"Do you want to be standard Soldiers or excellent leaders?"
Master Resilience Trainer-Performance Expert (MRT-PE), Jeremy Richter posed this question to cadets in A Co., 8th Cadet Initial Entry Training (CIET) Regiment the evening before they began the field phase of training. While in the field, cadets practice land navigation, patrolling, and living in the field. Field training is among many challenges cadets face during their four-week initial entry training at Fort Knox, Ky.
To help face the rigors of Army life and leadership, U.S. Army Cadet Command and Comprehensive Soldier and Family Fitness (CSF2) partnered for the first time this summer to provide a new component to the initial entry curriculum: performance training, specifically mental skills to help improve cadets' concentration, composure, and confidence --often referred to as the "Three Cs." Depending on the training schedule, on each cadet's second or third day of CIET, CSF2 MRT-PEs taught them the basics of the Three Cs, and then the cadets performed several activities to put their new skills into practice.
Throughout the remaining weeks of CIET, MRT-PEs checked in with the cadets, reinforcing the Three Cs before events that would require leveraging their mental skills: the CS chamber, the M16 marksmanship range, the climbing course, and field training.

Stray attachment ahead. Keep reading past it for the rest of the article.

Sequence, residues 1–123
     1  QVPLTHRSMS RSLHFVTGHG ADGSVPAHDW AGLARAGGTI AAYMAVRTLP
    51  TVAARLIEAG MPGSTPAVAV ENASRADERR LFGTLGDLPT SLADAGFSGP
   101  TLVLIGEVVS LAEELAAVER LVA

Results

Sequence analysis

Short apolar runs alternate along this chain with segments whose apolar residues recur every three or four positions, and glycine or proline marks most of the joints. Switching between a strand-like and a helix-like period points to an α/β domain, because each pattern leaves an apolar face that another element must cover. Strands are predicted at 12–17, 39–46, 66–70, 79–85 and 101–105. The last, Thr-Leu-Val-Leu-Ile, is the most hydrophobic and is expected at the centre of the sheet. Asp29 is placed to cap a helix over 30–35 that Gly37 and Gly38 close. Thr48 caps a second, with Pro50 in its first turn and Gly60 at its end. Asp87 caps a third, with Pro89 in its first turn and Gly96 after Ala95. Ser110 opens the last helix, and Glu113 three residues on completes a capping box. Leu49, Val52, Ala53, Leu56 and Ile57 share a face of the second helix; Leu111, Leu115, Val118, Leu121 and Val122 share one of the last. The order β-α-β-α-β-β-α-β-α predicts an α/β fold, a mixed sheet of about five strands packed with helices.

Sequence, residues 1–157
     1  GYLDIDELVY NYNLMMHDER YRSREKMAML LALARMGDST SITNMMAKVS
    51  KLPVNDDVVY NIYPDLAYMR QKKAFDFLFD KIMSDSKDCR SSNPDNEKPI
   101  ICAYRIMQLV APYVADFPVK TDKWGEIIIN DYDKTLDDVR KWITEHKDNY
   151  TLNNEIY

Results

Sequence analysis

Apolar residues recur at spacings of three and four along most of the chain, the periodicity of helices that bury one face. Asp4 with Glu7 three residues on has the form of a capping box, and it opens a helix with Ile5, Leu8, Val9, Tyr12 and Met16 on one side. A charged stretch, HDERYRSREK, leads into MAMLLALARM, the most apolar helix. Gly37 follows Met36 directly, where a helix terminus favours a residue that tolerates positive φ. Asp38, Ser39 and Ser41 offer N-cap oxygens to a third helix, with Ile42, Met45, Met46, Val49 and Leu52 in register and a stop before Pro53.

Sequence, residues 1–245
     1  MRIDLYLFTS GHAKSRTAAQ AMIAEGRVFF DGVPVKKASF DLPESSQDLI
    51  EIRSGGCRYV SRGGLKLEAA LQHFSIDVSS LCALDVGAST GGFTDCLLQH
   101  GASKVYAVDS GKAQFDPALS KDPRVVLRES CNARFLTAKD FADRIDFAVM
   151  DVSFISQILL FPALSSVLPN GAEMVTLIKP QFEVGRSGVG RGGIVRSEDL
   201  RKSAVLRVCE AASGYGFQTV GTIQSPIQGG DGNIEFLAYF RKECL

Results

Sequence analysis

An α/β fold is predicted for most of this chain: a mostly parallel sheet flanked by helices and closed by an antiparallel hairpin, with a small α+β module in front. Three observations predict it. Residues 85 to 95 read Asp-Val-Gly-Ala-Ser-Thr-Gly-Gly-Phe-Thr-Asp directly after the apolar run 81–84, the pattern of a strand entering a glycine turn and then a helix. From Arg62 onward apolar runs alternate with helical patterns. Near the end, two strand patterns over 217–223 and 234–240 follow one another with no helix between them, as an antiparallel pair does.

While at the CS chamber, cadets practice using the chemical protective suit, mask and boots; learn about decontaminating themselves and their equipment after being exposed to chemical agents; and experienced being exposed to CS gas, more commonly referred to as tear gas. Out at the CS chamber, MRT-PEs reviewed composure and led cadets in deliberate breathing -- a practice which helps you gain control over your physiology, mind and emotions, in order to help you perform and recover energy after performing. Composure is an important component to achieving one of the training objectives of the CS chamber. Kurt Crawford, range technical advisor, and former Chemical Corps noncommissioned officer, explained that objective to the cadets: "Coming out of the gas chamber you're going to be disoriented; you're not going to be able to see very well. How quickly can you bounce back and effectively lead troops? The information you heard today [from the MRT-PE], those techniques will help you at the resiliency point."
The "Resiliency Point" is where the cadets recover following exposure to the CS gas. There, cadets flap their arms and blink their eyes to let the gas dissipate. Cadet Matthew Lehman from the University of Nebraska-Lincoln, took time to coach his fellow cadets through the recovery process and regain their composure, saying, "Remember composure. Remember your breathing. Let's do this as a team." Reflecting on his personal experience in the CS chamber, he further explained, "When another cadet in front of me started to cough, I was like 'oh crap, this is going to suck' so I used breathing techniques to make it through."